Calif. School-Based Care Not Keeping Up With Demand, Report Finds
An increasing number of California students have chronic and serious health conditions, but the care system at schools in the state lacks efficiency and effectiveness, according to a report released last week by researchers at California State University-Sacramento's School of Nursing, EdSource reports.
For the report, researchers analyzed:
- California education data from the 2011-2012 school year;
- Interviews; and
- A survey of California School Nurses Association members.
The report found that more children with chronic illnesses now are able to attend school because of:
- Medical and technological advances; and
- Changing state laws.
However, researchers found that school nurses often are burdened by heavy caseloads because of decreased funding while their responsibilities are increasing. For instance, the report noted that some school nurses are responsible for:
- Inserting urinary catheters;
- Monitoring ventilators;
- Suctioning breathing tubes; and
- Testing blood sugar levels.
Meanwhile, 57% of public school districts in California do not have any certified nurse personnel, according to the report (Adams, EdSource, 3/29).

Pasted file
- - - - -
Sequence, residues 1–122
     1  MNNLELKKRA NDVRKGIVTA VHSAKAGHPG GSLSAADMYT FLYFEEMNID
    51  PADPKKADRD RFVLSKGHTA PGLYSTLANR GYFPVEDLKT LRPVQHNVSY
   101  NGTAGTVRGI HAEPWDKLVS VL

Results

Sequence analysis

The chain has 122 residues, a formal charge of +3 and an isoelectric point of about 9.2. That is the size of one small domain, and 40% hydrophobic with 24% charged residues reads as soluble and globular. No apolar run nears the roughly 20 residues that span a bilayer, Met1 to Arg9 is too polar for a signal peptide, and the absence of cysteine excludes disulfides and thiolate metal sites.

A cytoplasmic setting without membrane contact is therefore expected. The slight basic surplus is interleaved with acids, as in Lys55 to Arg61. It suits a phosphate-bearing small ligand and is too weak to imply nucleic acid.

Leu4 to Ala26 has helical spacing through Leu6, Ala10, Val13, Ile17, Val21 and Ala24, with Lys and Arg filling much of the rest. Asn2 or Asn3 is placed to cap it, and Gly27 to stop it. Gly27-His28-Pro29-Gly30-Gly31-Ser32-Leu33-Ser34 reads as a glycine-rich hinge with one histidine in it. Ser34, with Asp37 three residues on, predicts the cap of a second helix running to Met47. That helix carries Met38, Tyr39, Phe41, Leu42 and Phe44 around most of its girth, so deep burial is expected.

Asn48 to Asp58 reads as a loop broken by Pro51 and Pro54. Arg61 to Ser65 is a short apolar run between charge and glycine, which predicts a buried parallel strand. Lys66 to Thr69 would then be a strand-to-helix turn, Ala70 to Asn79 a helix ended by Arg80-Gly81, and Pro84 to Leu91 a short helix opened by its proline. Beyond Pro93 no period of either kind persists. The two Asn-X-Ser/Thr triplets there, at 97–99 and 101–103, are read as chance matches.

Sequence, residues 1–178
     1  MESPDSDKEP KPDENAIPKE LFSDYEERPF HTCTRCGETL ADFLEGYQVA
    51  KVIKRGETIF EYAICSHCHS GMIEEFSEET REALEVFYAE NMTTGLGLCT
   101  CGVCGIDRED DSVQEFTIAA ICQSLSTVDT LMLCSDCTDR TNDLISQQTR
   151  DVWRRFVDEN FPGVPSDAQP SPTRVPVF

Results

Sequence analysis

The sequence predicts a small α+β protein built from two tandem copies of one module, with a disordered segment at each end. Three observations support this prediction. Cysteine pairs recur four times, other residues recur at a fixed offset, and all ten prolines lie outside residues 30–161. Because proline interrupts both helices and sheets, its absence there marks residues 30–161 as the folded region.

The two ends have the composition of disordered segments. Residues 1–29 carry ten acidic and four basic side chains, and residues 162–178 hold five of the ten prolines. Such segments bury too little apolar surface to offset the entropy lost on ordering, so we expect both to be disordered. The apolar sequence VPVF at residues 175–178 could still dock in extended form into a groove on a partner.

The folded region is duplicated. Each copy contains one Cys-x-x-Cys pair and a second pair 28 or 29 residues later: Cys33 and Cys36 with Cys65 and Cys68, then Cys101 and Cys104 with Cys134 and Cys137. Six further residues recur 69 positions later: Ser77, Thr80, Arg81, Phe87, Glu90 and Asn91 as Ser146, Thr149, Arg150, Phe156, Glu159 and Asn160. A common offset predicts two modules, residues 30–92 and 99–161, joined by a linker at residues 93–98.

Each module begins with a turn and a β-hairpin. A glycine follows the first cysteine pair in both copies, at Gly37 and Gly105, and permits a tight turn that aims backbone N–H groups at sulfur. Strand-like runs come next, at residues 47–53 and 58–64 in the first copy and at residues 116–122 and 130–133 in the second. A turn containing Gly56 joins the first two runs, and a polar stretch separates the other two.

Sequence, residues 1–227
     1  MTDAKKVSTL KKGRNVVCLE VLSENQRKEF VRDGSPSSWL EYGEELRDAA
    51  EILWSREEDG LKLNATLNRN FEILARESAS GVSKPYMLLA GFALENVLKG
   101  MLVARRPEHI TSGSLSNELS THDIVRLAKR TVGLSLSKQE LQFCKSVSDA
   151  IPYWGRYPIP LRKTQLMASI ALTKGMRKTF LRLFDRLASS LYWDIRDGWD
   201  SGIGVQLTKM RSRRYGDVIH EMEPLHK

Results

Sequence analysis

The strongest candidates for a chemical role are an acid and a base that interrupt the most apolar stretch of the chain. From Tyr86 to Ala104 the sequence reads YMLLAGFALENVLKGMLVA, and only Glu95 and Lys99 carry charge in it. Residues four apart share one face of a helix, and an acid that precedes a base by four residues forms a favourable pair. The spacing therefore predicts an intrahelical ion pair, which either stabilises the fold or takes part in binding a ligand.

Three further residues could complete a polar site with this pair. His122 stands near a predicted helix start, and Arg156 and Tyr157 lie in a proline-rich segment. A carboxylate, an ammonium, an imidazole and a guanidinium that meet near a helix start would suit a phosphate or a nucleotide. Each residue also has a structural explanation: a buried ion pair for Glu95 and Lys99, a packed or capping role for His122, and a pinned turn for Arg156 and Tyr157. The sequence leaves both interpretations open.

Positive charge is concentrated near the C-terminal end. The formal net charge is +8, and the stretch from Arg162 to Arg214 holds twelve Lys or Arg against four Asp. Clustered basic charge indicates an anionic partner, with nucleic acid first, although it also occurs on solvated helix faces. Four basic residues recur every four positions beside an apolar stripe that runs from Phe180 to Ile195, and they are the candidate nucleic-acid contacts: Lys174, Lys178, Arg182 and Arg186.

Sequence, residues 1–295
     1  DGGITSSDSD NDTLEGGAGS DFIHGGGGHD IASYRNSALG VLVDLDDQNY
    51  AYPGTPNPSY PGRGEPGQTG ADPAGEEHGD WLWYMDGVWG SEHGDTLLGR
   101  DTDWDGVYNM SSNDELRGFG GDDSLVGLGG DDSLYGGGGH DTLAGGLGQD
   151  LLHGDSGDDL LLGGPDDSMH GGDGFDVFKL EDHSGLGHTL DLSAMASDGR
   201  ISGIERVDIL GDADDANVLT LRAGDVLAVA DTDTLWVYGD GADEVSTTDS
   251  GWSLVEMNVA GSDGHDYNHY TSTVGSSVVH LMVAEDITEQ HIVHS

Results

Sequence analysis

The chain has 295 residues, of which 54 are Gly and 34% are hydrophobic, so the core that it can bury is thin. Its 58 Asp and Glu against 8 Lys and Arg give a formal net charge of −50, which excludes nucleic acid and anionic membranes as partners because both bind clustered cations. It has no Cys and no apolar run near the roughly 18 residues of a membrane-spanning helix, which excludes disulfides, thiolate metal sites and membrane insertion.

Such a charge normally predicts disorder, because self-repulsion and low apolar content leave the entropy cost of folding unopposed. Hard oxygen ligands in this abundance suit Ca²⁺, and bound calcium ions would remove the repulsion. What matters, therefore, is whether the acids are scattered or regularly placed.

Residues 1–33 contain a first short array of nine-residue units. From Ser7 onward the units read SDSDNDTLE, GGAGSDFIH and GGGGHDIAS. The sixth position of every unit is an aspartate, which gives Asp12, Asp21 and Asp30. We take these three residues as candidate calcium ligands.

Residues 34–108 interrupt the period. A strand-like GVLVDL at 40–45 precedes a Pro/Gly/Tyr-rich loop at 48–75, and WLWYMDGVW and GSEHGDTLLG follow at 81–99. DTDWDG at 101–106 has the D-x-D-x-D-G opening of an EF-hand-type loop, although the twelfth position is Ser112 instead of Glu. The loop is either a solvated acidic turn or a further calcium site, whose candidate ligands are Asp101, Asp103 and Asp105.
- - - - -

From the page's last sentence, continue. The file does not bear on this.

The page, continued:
In a blog post, the Lucile Packard Foundation for Children's Health noted that heavy caseloads can result in unlicensed faculty members providing "complex medical care in the absence of school nurses." The group added, "While many staffers are trained by nurses, there is little statewide regulation or monitoring of their training" (Lucile Packard Foundation for Children's Health blog post, 3/28).
In order to ensure that students with chronic health problems receive adequate care, the report recommended:
- Creating standardized data collection and reporting systems to identify, support and monitor such students; and
- Mandatory training for all faculty members who deliver health services in schools, including first aid and CPR (EdSource, 3/29).